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Kelly Waters is Web Technology Director for IPC Media, one of the UK's largest publishers of consumer magazines and web sites. Kelly has been in software development for about 25 years and is a well-known narrator of agile development principles and practices, as a result of his popular blog 'Agile Software Development Made Easy!' (www.agile-software-development.com). Kelly is a DZone MVB and is not an employee of DZone and has posted 40 posts at DZone. You can read more from them at their website. View Full User Profile

Themes in Agile Software Development

03.10.2009
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Agile software development teams often use User Stories as a simple and concise way to express user requirements.

Ideally these User Stories are broken down as small as possible, whilst also trying to minimise dependencies.

Naturally, though, as you break User Stories down smaller, they become increasingly inter-dependent. Like most things in software development, it's a balancing act.

Break the User Stories down as small as possible. But stop breaking them down when it becomes onerous or pointless to do so. When a User Story can be delivered (done) in less than 1 day, I think there is little point breaking it down any further.

Use the concept of Themes to categorise these related User Stories under one label and keep them together.

You could physically keep the cards together by paper-clipping the cards together. Or you could put a card representing the Theme on the left side of your whiteboard, and keep all related User Stories on the same row as the Theme as they move across the board.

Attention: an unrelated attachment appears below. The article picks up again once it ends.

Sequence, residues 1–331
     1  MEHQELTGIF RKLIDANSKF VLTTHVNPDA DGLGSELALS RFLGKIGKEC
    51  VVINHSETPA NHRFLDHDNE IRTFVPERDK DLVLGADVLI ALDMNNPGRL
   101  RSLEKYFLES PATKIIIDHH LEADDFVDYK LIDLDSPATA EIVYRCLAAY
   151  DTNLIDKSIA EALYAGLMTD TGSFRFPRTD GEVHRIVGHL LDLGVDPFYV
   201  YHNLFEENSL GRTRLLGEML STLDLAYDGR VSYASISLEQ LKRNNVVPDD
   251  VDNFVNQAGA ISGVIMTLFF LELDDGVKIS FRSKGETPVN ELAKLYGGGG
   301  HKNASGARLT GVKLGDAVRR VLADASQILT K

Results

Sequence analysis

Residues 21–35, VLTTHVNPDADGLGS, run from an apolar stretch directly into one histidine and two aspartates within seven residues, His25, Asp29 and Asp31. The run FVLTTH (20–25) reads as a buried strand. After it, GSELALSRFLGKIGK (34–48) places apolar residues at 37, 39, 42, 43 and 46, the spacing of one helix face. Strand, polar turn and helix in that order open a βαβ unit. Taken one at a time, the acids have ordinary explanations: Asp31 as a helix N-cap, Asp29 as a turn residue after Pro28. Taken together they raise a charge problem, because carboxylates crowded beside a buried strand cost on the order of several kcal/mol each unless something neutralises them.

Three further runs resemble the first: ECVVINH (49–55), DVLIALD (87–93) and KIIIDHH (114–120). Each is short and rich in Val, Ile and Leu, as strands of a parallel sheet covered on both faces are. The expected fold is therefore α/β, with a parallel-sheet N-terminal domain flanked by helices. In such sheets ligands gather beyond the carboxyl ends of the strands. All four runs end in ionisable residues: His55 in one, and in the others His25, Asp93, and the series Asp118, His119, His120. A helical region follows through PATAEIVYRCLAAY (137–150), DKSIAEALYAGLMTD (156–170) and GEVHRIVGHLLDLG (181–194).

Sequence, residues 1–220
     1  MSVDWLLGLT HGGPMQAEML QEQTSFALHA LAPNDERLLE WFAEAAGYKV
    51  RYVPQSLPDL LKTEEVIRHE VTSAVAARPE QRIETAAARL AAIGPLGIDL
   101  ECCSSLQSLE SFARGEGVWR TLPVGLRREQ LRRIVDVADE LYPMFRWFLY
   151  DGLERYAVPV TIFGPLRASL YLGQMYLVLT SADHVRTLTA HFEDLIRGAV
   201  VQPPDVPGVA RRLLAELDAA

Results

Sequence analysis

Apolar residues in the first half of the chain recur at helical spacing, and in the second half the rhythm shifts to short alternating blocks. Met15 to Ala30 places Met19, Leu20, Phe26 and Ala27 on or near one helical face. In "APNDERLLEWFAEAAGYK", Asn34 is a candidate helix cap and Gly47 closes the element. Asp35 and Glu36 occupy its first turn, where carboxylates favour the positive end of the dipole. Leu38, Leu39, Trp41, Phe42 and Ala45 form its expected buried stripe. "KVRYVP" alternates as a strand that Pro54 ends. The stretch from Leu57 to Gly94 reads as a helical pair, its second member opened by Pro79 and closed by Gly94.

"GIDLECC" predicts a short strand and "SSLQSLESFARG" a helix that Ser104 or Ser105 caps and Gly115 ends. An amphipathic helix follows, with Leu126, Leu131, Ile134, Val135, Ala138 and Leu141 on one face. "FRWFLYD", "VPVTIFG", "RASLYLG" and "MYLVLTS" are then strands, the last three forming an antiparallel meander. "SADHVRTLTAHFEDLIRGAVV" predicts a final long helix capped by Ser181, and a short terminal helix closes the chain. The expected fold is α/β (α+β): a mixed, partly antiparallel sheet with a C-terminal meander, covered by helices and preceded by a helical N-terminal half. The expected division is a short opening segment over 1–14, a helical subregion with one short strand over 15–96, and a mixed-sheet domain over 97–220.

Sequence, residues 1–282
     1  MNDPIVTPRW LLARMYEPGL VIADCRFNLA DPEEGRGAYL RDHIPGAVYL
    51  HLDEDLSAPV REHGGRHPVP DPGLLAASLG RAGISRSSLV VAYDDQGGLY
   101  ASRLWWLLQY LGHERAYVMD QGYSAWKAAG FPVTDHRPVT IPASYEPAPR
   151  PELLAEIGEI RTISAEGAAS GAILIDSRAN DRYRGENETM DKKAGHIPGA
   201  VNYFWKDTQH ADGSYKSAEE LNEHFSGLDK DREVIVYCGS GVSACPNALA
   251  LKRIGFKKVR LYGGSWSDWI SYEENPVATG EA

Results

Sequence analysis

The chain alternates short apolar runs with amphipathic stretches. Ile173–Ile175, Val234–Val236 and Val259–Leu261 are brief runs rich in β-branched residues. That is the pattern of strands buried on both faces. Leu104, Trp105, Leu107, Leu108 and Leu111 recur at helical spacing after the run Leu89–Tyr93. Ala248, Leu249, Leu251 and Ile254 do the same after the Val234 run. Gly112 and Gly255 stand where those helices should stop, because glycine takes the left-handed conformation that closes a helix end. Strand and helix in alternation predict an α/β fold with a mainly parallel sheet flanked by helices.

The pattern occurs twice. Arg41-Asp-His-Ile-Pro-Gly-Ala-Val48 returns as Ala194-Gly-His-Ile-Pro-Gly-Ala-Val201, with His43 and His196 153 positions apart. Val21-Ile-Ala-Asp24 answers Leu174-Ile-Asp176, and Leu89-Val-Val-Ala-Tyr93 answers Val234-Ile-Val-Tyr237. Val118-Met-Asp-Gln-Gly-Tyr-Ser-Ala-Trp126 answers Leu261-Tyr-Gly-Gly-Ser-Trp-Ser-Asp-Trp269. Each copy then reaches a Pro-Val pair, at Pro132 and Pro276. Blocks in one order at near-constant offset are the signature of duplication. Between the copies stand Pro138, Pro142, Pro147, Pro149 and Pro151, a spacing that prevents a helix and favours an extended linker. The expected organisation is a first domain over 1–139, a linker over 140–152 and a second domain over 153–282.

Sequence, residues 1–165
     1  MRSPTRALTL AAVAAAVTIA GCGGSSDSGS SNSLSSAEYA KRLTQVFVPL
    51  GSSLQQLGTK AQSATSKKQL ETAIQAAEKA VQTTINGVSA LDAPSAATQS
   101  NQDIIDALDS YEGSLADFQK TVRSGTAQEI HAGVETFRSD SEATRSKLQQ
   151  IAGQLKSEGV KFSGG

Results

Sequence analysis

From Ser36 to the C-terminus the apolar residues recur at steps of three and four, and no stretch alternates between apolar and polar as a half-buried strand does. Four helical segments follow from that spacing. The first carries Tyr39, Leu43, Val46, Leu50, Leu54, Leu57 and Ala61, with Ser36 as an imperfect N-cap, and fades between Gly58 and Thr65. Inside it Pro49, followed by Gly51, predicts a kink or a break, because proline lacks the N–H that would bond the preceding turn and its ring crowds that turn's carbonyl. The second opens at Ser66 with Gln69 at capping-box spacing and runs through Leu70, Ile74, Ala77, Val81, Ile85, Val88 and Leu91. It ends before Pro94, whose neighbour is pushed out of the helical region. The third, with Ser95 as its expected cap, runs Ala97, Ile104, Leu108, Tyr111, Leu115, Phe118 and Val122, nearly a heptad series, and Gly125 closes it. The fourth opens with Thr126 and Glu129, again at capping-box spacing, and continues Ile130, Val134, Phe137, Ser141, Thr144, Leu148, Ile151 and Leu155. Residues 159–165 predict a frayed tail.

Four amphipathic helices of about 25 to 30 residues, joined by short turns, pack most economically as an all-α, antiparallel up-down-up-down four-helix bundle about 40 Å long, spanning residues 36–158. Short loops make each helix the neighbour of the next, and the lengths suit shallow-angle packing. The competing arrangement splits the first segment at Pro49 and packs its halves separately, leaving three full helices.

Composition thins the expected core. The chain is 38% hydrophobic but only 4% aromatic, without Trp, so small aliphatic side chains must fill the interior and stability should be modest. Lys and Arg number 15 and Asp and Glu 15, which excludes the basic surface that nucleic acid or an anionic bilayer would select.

Equally important, try to make sure that any inter-dependency between User Stories is a soft dependency, rather than hard. By this, I mean that you might not want to ship any of the User Stories until the whole Theme is done. But try not to break them up in such a way that one User Story simply doesn't work without another.

For instance, a 'Login' Theme might include User Stories for Register, Log in, and Forgotten password. Although the stories are related, and somewhat dependent on each other, they can still be delivered in isolation, and can still work from a user perspective if you do them in the right order.

You can also use Themes to categorise loosely-related items on your Product Backlog. For example, on a web site, you might have a whole host of User Stories relating to SEO, performance, usability, a re-style, or sections that are made up of multiple User Stories.

Assigning Themes to the User Stories in your Product Backlog can help you to see emerging themes, which with a loose set of User Stories you may not have noticed. When you see emerging themes for your next Sprint or two, this can help to give extra clarity to the team and business about the Sprint Goals.

This is a useful thing to do. It gives you more of a message for the Sprint. It's actually *about* something, rather than a random collection of high value but unrelated stories. It could tell you that you're focusing a high percentage of your Sprint on features x and y, when at a macro level your priorities are really elsewhere, for example.

It also helps when priorities are set top-down. For example, let's say we make the commercial decision that for the next few sprints SEO will be a top priority. You can quickly grab all the User Stories with the SEO Theme and give them priority.

Of course it's fine for a sprint to include items that are not part of the overall Theme. The theme is simply the main area of focus, not necessarily the sole area of focus.

There is sometimes a danger with agile software development that everything is broken down so small and incremental that everything becomes a bit too tactical, and there is either no direction or at least the direction is not apparent.

It's important to keep a higher level Release Plan, or a Product Roadmap, so the Sprints do take the product in a certain direction, and so the team can see what that direction is. Because no Sprint is an island!

You can also use Themes as a simple way to sketch out broad priorities on the Product Roadmap, showing the key areas of focus over time.
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